The form style helps ram these notions home; it's a welcome reality check in situations like these.

(updated to stay on topic)

Wow! How long did it take you to type up all that?

People want to support the sites they depend on. Contenture makes this possible. Contenture users pay into the system, their money is distributed to the Contenture-enabled sites that they visit.

Anyone who thought ad revenues were low as they are should wait to see how really low tip revenues can get.

Disclaimer: I run an ad network :-)

What's your ad network?

Use the email in my profile, Luke! :-)

(I had to choose between keeping a "corporate" image while shilling my company left and right, and being honest and true to myself among my hacker peers. I am doing traditional advertising with nothing "startupy" about it; and if we're doing anything new/different I don't intend to "share" it, so you guys are stuck with my closet Real-Self ;-)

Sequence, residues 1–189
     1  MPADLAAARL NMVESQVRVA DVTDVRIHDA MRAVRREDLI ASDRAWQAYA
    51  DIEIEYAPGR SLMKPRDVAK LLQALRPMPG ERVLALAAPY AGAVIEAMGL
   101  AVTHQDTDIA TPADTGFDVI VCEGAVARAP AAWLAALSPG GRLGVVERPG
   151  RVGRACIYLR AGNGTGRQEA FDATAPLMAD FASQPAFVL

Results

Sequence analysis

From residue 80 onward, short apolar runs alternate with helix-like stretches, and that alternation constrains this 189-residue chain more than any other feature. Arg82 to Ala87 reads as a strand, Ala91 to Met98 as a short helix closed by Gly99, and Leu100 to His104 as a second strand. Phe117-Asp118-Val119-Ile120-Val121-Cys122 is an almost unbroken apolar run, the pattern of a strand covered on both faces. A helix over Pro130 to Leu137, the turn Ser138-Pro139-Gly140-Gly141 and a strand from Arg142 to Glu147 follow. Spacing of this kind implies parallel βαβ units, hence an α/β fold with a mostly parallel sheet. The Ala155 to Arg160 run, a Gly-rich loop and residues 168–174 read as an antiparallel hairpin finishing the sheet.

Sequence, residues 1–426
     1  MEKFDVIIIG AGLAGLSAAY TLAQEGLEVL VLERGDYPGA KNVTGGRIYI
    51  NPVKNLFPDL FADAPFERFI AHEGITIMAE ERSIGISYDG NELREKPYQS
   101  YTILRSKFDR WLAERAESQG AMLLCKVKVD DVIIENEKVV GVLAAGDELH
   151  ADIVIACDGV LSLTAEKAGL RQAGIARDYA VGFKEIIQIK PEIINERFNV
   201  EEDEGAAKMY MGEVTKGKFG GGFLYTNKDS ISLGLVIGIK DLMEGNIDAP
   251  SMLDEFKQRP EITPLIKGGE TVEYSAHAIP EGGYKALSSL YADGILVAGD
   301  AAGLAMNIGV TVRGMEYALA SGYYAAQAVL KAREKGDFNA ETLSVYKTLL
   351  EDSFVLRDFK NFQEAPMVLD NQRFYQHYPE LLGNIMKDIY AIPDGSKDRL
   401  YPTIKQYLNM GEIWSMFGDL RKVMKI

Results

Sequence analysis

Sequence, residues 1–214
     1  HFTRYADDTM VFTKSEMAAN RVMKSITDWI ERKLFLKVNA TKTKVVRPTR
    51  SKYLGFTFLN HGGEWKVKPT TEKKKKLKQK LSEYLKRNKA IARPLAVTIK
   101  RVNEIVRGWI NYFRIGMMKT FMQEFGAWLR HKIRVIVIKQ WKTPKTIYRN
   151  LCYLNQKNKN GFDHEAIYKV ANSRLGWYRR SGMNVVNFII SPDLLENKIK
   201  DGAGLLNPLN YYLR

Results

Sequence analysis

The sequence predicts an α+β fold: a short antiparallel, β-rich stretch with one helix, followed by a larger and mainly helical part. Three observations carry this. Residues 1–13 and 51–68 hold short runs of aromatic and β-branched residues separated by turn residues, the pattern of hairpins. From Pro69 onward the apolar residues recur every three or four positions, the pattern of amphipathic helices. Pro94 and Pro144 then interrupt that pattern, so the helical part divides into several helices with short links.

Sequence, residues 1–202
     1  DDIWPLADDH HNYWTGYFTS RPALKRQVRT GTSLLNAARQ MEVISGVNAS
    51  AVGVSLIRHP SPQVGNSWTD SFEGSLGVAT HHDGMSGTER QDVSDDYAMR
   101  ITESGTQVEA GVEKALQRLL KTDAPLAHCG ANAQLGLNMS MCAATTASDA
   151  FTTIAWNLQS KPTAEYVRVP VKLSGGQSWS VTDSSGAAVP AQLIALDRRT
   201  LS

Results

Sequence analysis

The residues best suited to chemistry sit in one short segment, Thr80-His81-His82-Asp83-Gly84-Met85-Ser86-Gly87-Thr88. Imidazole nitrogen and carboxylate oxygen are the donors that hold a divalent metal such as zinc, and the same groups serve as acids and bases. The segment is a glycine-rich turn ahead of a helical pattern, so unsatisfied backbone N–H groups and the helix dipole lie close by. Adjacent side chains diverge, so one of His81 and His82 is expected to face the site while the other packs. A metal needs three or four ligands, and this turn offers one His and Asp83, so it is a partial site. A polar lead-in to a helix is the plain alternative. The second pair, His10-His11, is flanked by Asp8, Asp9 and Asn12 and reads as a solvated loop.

To pull this off, several great sites will have to launch as Contenture-enablers/providers all at once, or it will go down as a flop (imagine a console launching without games!)

This is pretty much as hard as making sure multiple startups launch successfully simultaneously. It would probably help if they had a VC working with them. Either way, I wish them luck.

We've got access to the people who run the 100,000 web sites being monitored by getclicky.com (same team). We shouldn't have a problem there.